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Life in the Kingdom of Mavinor had long been lived by the precepts of a set of holy documents known as The Scrolls. The Scrolls provided a set of rules and principles setting forth how the people of Mavinor should live their lives and had been written a long time in the past by men believed to be inspired by a deity known as The Author.

In these latter times, the people of Mavinor have begun to turn away from the precepts contained in The Scrolls. When they were attacked by the army of the neighboring kingdom of Xamnon, every copy of The Scrolls was destroyed. The content lived on in the minds only of those who had taken pains to learn it. This knowledge was passed down from one generation to the next, but over time, fewer and fewer remembered. The effort to rewrite them continues, but the task is incomplete in the time of the reign of King Onestus…a time when the king finds that he needs their guidance more than ever.

Part I

Chapter One

The sun rose slowly over the mountains in the east, its rays of light trickling down onto the surface of the sea directly south of Mavinor. They crawled across the sand of the shoreline and angled up the walls of Mavinor’s majestic palace, sending light glittering along the mica-chipped surface of the stone. From a distance, the city appeared to rise from the sand and shadows like a mirage, shimmering in the heat of the new day.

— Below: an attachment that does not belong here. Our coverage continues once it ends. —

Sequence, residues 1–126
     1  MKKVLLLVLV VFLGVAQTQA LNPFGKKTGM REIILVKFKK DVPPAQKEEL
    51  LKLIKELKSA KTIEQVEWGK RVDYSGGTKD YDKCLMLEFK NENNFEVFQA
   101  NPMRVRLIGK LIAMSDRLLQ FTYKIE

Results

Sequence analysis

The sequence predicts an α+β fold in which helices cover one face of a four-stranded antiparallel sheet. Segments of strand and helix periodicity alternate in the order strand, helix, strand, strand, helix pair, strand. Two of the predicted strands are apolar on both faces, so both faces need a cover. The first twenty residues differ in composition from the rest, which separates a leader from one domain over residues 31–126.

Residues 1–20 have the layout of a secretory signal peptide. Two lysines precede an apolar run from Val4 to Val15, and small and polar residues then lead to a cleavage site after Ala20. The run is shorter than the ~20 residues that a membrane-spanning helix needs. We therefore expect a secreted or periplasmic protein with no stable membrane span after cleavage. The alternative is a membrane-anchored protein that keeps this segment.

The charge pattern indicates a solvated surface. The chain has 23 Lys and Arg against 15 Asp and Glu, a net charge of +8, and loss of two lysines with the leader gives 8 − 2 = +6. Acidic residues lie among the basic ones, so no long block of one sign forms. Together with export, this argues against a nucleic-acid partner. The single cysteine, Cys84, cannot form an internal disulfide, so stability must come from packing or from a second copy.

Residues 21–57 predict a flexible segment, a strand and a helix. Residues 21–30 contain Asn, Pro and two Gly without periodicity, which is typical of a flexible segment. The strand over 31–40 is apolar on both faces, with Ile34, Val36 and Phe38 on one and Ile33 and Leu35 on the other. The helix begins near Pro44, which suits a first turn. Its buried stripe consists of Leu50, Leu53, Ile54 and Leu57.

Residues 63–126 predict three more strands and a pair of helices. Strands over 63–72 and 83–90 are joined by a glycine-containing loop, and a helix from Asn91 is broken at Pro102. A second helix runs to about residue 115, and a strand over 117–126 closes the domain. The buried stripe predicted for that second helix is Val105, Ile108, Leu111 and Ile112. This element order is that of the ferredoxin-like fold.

From where Onestus lay, however, the warmth seemed a thousand miles away. He rested on a pile of pillows that somehow failed to prevent the aching in his bones; he was tucked in beneath a pile of soft furs and blankets that failed equally against the chill of the early morning air. He stared out the window, dreading the moment when he’d have to slide his legs over the side of the bed, entrust himself to servants, and dress for the day.

Onestus was a tall man, broad of shoulder and thick boned. His hair, once a magnificent dark mane, had mostly turned to gray. His eyes, still sharp and filled with life, were the focus of a weakened visage. They diverted attention from his failing body to his active mind and aided him with the illusion of health he sought to weave.

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